Set in the East End of London, Chris Cleave's 2005 debut novel, Incendiary, is formatted as a grieving housewife's letter to Osama bin Laden, asking him to stop his campaign of terror after her husband and son are blown to bits by his suicide bombers at a soccer game.

While cheating on her husband, the protagonist looks up at her TV in horror and sees the soccer stadium crumble under a cloud of black smoke. In shock, she rushes to the arena, but is trampled by a panic-stricken mob. She soon ends up crawling around in blood and body parts, futilely trying to find her loved ones. They are in pieces, but even more disturbing, perhaps, is Cleave's description of two opposing fans battling over a famous soccer player's severed head. "When I saw what they'd been fighting over, I fell unconscious and stayed that way for three days," Cleave's narrator writes.

The London-based writer—who has written two well-received books, Little Bee and The Other Hand, since gaining attention for Incendiary—stays true to his letter/novel formula. He periodically brings the narration back to rhetoric directed at bin Laden, but at times these instances seem forced, disrupting an otherwise rich and absorbing story line. In all, Incendiary is a gripping work of fiction that may be jarringly similar to many true stories of a post-9/11 world. The book, which was turned into a movie starring Michelle Williams in 2008, also possesses its own eerie backstory: It was coincidentally first published on July 7, 2005, the day of the infamous suicide bombings of the London train stations.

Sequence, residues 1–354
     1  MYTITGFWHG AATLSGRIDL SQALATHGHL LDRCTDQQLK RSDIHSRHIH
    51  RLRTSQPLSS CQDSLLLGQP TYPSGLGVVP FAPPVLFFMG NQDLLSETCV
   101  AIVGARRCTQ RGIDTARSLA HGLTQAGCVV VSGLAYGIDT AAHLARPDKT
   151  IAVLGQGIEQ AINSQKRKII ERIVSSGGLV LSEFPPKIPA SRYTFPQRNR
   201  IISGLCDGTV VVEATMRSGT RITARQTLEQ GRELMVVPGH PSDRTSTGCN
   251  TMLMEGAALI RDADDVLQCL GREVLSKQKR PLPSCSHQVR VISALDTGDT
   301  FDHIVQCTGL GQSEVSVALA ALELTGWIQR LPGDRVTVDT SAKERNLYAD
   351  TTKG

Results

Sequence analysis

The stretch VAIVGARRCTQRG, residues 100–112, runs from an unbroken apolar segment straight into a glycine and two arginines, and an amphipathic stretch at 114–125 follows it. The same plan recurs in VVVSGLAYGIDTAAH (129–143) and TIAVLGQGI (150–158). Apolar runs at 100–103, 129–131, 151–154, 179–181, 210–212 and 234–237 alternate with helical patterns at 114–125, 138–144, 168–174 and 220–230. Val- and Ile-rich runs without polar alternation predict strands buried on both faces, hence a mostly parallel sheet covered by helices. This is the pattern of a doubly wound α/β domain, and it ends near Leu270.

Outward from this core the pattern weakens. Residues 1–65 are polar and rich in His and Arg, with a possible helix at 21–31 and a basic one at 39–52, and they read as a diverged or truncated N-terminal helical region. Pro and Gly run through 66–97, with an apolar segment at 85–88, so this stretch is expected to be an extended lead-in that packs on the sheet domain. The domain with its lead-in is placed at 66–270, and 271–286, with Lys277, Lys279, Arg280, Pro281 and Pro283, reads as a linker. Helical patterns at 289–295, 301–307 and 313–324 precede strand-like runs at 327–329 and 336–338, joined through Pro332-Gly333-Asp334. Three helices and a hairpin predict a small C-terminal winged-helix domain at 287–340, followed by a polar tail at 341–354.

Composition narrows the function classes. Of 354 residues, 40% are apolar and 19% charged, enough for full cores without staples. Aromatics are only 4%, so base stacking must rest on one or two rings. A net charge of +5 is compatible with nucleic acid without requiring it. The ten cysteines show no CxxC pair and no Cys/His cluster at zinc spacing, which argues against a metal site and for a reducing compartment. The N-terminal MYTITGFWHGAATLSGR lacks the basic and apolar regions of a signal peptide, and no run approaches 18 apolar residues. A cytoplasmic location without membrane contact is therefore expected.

Chris Cleave reads at Powell's Books at Cedar Hills Crossing, 3415 SW Cedar Hills Blvd., Beaverton, 228-4651. 7 pm Friday, Jan. 14. Free.